Is a religion that was revealed over 1400 years ago, relevant to our lives today? Professor Ayatollah Mostafa Mohaghegh Damad and Shaykh Arif Abdul-Hussain discussed the question in a panel forum on Saturday 29th June at the Centre for Intra Muslim Studies (CIMS) public discussion. They also addressed questions raised by those in attendance.
Ayatollah Mohaghegh Damad explained that Islam is categorised into three sections: theology, ethics, and law (ahkam). Theology deals with the Islamic world view and its perspective on issues such as the nature of God and prophethood whilst ethics deals with the moral conduct of human beings. Both of these aspects are not subject to change and are still highly relevant in daily lives. However, the third aspect, laws, have to evolve in accordance with changing needs of society. This is because Islam itself, as it says in the Quran, is in accordance with the nature (fitrah) of humankind and the nature of humankind is constantly changing. Therefore, the laws of Islam have to be interpreted to suit the evolving nature of the human being. This is based on Mulla Sadra’s theory of substantial motion that everything in the world constantly evolves and grows. Shaykh Arif added that there is a distinction between the form and essence of Islamic laws and it is the essence that is of paramount importance.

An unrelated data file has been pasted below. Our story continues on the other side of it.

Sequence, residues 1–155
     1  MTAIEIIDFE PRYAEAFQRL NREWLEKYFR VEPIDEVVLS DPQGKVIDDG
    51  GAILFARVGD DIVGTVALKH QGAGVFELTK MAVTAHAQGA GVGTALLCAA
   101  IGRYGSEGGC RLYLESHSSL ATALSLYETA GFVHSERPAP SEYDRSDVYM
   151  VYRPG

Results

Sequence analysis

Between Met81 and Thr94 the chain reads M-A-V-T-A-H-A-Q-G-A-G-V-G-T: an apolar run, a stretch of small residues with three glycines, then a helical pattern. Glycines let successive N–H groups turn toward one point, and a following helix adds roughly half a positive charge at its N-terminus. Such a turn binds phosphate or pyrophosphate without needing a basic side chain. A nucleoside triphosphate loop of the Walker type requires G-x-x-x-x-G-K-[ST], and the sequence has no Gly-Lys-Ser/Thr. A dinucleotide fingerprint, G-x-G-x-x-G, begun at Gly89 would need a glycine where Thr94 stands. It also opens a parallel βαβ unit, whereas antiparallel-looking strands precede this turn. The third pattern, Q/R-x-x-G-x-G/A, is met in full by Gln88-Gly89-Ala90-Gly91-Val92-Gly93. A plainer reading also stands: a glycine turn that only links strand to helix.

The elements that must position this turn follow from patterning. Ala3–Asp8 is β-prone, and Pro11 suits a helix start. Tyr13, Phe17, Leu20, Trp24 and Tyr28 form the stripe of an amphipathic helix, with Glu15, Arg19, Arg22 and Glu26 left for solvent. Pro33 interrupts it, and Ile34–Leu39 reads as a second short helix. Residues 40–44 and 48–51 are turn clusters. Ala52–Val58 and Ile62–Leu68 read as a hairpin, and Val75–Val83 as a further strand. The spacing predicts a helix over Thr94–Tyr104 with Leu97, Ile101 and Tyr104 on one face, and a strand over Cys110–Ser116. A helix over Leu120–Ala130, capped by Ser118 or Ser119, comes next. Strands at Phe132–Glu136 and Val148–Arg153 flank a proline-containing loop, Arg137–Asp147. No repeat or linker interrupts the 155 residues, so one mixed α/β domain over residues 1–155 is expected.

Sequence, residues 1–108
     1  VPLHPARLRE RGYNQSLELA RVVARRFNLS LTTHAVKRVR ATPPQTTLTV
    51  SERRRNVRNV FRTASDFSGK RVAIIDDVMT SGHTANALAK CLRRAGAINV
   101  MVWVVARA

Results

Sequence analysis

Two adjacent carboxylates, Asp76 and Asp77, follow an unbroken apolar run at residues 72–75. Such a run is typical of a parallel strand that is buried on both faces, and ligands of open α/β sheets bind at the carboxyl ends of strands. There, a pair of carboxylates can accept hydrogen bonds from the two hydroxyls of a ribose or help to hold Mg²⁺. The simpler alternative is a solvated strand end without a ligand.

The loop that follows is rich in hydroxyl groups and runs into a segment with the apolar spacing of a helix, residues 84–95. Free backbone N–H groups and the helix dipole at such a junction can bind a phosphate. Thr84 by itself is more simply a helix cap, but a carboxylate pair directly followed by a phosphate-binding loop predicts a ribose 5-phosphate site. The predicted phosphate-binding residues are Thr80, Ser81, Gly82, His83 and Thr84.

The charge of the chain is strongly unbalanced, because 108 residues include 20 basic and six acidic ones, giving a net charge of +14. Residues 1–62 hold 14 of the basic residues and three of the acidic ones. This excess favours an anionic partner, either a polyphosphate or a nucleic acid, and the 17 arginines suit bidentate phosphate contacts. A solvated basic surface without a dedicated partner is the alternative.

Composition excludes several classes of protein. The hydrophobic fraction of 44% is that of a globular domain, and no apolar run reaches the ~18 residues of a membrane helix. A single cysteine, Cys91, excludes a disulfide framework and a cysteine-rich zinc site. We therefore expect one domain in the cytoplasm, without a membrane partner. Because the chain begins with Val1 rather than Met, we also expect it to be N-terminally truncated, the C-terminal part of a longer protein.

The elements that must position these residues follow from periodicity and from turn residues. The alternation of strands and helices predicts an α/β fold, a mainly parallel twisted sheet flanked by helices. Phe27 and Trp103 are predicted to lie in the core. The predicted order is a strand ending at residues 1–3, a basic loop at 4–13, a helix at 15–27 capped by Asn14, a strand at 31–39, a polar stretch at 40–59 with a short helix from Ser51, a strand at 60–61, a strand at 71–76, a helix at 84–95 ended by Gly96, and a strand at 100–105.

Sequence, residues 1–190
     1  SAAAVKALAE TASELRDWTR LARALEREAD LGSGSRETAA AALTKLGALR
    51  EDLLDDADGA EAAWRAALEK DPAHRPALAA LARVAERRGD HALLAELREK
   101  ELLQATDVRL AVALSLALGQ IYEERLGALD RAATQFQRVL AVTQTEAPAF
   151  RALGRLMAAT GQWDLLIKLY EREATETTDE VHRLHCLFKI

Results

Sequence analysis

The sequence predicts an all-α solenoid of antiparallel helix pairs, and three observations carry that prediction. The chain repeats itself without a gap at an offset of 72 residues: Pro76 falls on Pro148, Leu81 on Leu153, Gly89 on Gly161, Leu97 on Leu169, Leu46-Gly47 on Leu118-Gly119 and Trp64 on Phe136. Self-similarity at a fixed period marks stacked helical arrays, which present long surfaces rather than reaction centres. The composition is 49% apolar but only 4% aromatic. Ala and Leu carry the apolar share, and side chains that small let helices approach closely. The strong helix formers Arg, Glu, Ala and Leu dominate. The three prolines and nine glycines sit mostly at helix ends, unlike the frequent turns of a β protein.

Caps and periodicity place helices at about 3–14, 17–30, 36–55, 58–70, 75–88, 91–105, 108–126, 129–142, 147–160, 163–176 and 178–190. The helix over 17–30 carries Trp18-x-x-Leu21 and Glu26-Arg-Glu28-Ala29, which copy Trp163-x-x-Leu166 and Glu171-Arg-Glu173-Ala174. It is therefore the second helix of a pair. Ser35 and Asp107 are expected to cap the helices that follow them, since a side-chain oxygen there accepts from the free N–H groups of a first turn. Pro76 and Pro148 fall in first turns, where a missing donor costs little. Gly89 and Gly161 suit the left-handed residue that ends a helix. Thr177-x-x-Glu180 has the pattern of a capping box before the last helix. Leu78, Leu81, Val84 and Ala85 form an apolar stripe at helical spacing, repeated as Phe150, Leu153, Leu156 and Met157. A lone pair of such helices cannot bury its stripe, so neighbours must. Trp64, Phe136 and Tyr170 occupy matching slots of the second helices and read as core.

Ayatollah Mohaghegh Damad argued that the laws of Islam have to be interpreted in a manner that is suitable for the present society by the mujtahid (the person who interprets the laws) using the process of ijtihad. Ijtihad, according to Ayatollah Mohaghegh Damad is the interpretation of revelation of God using reason and understanding. For the mujtahid to derive laws that are fair and meet the needs of the people, he must appreciate both the historical context and the needs at present. For example, the principle in the Quran is that it is necessary to be just to one’s spouse, however, the meaning of justice will change over time. Shaykh Arif elaborated on this, pointing out certain practices such as slavery and the ill treatment of women that are no longer relevant because they are in contradiction of the meaning of justice is our society. Both panellists agreed that whilst certain elements of Islam are unchanging, there are many laws that need to change to be in line with the important principle of justice.
Professor Ayatollah Mostafa Mohaghegh Damad is one of very few high-level clerics in Iran to have been educated in international law in the West in addition to seminarian training. He is a reformist and a forceful advocate for a more progressive interpretation of Sharia. He is a very well-respected scholar, Dean of the Department of Islamic Studies at The Academy of Sciences of Iran, and a Prof of Law and Islamic Philosophy at Tehran University. In October 2010, at the Pope’s behest, he addressed the Synod in the Vatican, stressing the Muslim view towards Christians as one of friendship, trust, and mutual understanding. He was honoured as a prominent figure of humanities in Iran at the 8th Farabi International Award ceremony in 2017. He is also named as one of the world’s 500 most influential Muslims in 2019 for his scholarly influence.
View more images from the discussion here.
Watch the full discussion below.